The Baltic country reintroduced conscription in response to Russia's war of aggression against Ukraine. Its two neighbors also bordering Russia — Estonia and Finland — never abolished conscription.

Ukraine, Lithuania bring back conscription after Crimea

Ukraine reintroduced compulsory military service shortly after the Russian annexation of Crimea in 2014. It applies to all men between the ages of 18 and 26.

In addition, after the full-scale Russian attack in February 2022, the Ukrainian government passed a law according to which all men between the ages of 18 and 60 can be drafted.

Lithuania also reacted quickly and reintroduced conscription in 2015 after it was abolished just a few years earlier. Around 3,500 citizens are to be drafted each year.

Kyiv's rules for military-age men abroad causes anger, doubt

Greece: Community service possible, but twice as long

In Greece, all men between the ages of 18 and 45 are obliged to serve in the military for up to 12 months. However, there are exceptions depending on the location and unit.

Shorter service lengths apply, for example, to operations at the border, or with special units such as paratroopers or divers. Conscripts from large families also serve for shorter periods.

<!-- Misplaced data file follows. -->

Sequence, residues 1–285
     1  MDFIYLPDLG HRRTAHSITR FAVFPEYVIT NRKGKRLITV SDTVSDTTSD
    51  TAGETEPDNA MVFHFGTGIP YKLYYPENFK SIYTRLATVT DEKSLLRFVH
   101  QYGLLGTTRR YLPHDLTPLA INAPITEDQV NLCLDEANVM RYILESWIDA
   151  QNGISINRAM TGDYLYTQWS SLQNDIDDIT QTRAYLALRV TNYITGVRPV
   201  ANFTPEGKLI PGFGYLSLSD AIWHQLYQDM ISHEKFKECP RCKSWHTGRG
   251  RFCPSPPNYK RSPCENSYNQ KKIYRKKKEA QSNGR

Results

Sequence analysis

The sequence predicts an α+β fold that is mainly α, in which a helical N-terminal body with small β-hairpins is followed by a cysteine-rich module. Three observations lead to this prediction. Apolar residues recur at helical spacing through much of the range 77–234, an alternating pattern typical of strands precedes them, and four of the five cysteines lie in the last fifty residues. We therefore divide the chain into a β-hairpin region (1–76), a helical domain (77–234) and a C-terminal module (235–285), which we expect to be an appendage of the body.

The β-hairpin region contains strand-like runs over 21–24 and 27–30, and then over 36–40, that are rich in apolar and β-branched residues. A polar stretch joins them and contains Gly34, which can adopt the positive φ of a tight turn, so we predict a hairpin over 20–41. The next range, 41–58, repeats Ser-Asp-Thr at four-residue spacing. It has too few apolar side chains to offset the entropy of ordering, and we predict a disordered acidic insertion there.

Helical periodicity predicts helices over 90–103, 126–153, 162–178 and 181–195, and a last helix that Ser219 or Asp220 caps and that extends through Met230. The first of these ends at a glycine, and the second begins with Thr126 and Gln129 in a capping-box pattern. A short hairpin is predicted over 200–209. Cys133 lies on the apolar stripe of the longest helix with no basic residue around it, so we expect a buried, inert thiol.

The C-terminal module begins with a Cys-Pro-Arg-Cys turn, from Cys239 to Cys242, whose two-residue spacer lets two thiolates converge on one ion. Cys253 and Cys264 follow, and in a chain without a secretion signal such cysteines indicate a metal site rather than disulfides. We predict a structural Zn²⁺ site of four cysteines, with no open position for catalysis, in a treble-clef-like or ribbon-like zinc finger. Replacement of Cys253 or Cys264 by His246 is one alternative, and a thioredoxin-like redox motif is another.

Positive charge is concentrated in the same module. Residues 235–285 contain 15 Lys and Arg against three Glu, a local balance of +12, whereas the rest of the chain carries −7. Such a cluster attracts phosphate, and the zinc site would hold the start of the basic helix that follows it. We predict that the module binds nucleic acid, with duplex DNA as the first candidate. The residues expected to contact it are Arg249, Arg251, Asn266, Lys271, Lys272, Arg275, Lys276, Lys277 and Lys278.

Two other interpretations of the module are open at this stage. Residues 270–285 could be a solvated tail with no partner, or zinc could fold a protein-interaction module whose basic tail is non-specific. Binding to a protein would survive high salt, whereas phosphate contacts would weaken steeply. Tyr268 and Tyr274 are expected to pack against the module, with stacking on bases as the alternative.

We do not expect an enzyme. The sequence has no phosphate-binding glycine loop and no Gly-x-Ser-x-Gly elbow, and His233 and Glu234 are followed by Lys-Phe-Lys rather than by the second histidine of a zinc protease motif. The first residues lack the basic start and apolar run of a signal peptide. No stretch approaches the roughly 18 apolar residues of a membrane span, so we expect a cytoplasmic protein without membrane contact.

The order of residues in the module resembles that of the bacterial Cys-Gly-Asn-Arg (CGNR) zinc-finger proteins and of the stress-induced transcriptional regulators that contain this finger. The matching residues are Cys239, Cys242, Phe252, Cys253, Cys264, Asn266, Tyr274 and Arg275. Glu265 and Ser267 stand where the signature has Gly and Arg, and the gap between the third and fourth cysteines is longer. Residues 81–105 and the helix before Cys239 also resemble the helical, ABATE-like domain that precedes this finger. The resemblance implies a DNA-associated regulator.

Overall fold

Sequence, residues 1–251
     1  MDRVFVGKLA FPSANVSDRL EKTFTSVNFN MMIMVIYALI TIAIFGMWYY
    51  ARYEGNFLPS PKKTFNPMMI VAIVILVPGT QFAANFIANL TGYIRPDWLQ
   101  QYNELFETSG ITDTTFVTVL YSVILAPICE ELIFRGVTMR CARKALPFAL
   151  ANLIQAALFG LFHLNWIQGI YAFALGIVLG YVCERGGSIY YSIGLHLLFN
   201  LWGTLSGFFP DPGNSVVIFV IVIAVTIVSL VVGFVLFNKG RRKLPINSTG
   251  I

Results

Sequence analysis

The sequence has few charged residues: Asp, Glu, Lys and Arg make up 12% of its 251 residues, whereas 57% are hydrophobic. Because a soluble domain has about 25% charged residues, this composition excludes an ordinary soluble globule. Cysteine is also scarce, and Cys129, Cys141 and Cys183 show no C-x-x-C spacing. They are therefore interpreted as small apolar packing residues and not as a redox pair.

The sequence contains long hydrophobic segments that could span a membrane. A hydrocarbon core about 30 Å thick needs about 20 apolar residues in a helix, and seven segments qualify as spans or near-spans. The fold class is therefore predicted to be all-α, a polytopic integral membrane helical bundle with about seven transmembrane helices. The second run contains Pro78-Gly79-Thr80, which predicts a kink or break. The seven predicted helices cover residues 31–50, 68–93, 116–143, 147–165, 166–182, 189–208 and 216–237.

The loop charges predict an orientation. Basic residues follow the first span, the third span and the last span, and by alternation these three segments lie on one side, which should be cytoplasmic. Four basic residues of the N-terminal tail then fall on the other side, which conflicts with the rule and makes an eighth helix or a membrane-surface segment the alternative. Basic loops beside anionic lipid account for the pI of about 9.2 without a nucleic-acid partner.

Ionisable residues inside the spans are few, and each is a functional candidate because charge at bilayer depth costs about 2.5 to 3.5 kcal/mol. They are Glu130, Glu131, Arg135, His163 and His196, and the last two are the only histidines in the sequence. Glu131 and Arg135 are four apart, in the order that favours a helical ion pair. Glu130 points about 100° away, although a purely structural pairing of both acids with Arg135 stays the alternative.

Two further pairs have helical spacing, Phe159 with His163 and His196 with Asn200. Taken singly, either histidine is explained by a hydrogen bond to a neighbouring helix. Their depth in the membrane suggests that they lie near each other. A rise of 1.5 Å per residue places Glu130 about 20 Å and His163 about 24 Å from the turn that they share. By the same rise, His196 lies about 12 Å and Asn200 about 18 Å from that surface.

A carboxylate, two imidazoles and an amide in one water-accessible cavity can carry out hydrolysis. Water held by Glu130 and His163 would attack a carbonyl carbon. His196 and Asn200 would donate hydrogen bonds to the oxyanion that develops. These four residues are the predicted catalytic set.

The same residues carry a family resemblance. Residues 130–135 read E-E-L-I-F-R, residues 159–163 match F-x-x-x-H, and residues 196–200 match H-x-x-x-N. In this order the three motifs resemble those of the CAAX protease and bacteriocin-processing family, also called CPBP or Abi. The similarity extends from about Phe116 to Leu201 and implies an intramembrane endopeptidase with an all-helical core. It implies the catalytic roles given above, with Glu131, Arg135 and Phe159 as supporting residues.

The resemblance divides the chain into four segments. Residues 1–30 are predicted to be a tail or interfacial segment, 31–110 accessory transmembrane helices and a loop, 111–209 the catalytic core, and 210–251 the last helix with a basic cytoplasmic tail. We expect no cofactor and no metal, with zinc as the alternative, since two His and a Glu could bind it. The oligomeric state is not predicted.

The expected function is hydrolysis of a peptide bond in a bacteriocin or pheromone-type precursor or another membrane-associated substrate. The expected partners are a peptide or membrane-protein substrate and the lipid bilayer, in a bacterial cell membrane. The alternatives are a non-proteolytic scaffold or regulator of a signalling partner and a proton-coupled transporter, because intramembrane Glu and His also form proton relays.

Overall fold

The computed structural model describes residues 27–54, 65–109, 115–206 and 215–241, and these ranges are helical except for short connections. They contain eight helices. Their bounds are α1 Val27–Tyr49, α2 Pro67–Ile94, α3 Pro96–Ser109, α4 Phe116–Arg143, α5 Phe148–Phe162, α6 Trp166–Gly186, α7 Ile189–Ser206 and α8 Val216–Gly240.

The alternative to military service is community service, but it takes twice as long. There are also plans to allow voluntary military service for women in the future.

The duration of military service was extended as recently as 2021 due to the ongoing conflict with Turkey and the low birth rate.

In Turkey, money can cut service short

Turkey has a special feature: conscripts can shorten their time in the military by four weeks for a payment of around €5,000 ($5,400). In the past, it was even possible to buy your way out of a longer stretch.

In general, compulsory military service applies to all men between the ages of 20 and 41 and lasts at least six months. There is no right to refuse military service: anyone caught evading it could be fined or even sent to prison.

This article was originally written in German.